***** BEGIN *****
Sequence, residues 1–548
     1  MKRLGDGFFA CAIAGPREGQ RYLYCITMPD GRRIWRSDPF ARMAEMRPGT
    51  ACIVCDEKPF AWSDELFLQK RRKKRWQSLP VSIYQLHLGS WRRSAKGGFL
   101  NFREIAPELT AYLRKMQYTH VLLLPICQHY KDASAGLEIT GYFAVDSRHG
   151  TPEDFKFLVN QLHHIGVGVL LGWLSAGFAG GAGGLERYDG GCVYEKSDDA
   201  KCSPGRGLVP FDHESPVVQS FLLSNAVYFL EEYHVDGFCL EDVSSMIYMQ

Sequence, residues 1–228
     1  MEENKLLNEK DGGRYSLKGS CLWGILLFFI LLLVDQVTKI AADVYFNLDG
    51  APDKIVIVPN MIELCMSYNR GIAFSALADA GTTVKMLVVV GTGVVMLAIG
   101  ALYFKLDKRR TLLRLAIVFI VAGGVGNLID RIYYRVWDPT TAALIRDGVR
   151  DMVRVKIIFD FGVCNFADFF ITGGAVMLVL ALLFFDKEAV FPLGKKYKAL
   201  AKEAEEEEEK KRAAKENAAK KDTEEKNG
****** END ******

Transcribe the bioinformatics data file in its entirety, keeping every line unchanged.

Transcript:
Sequence, residues 1–548
     1  MKRLGDGFFA CAIAGPREGQ RYLYCITMPD GRRIWRSDPF ARMAEMRPGT
    51  ACIVCDEKPF AWSDELFLQK RRKKRWQSLP VSIYQLHLGS WRRSAKGGFL
   101  NFREIAPELT AYLRKMQYTH VLLLPICQHY KDASAGLEIT GYFAVDSRHG
   151  TPEDFKFLVN QLHHIGVGVL LGWLSAGFAG GAGGLERYDG GCVYEKSDDA
   201  KCSPGRGLVP FDHESPVVQS FLLSNAVYFL EEYHVDGFCL EDVSSMIYMQ

Sequence, residues 1–228
     1  MEENKLLNEK DGGRYSLKGS CLWGILLFFI LLLVDQVTKI AADVYFNLDG
    51  APDKIVIVPN MIELCMSYNR GIAFSALADA GTTVKMLVVV GTGVVMLAIG
   101  ALYFKLDKRR TLLRLAIVFI VAGGVGNLID RIYYRVWDPT TAALIRDGVR
   151  DMVRVKIIFD FGVCNFADFF ITGGAVMLVL ALLFFDKEAV FPLGKKYKAL
   201  AKEAEEEEEK KRAAKENAAK KDTEEKNG